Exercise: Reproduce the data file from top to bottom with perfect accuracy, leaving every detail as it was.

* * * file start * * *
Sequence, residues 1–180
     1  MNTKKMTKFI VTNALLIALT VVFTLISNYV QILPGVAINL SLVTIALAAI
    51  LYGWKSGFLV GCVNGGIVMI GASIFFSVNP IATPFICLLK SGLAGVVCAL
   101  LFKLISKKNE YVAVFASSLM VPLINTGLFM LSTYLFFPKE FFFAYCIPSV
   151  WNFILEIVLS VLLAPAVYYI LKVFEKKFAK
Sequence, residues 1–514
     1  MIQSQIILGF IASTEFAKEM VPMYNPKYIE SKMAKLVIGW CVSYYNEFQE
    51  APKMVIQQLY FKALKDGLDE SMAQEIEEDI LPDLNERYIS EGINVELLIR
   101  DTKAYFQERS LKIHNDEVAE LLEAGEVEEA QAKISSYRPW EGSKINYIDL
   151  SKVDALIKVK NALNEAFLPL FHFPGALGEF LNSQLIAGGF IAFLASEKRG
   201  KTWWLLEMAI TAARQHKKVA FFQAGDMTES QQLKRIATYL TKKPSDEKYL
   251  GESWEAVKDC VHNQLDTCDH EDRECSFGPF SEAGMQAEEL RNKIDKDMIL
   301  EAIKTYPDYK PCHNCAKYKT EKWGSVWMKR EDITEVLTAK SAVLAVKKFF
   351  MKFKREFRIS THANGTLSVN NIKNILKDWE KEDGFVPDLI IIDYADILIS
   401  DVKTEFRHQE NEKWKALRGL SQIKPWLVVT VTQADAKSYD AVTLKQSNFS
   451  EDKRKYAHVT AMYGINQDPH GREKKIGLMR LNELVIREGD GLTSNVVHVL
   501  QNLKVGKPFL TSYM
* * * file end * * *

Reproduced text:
Sequence, residues 1–180
     1  MNTKKMTKFI VTNALLIALT VVFTLISNYV QILPGVAINL SLVTIALAAI
    51  LYGWKSGFLV GCVNGGIVMI GASIFFSVNP IATPFICLLK SGLAGVVCAL
   101  LFKLISKKNE YVAVFASSLM VPLINTGLFM LSTYLFFPKE FFFAYCIPSV
   151  WNFILEIVLS VLLAPAVYYI LKVFEKKFAK
Sequence, residues 1–514
     1  MIQSQIILGF IASTEFAKEM VPMYNPKYIE SKMAKLVIGW CVSYYNEFQE
    51  APKMVIQQLY FKALKDGLDE SMAQEIEEDI LPDLNERYIS EGINVELLIR
   101  DTKAYFQERS LKIHNDEVAE LLEAGEVEEA QAKISSYRPW EGSKINYIDL
   151  SKVDALIKVK NALNEAFLPL FHFPGALGEF LNSQLIAGGF IAFLASEKRG
   201  KTWWLLEMAI TAARQHKKVA FFQAGDMTES QQLKRIATYL TKKPSDEKYL
   251  GESWEAVKDC VHNQLDTCDH EDRECSFGPF SEAGMQAEEL RNKIDKDMIL
   301  EAIKTYPDYK PCHNCAKYKT EKWGSVWMKR EDITEVLTAK SAVLAVKKFF
   351  MKFKREFRIS THANGTLSVN NIKNILKDWE KEDGFVPDLI IIDYADILIS
   401  DVKTEFRHQE NEKWKALRGL SQIKPWLVVT VTQADAKSYD AVTLKQSNFS
   451  EDKRKYAHVT AMYGINQDPH GREKKIGLMR LNELVIREGD GLTSNVVHVL
   501  QNLKVGKPFL TSYM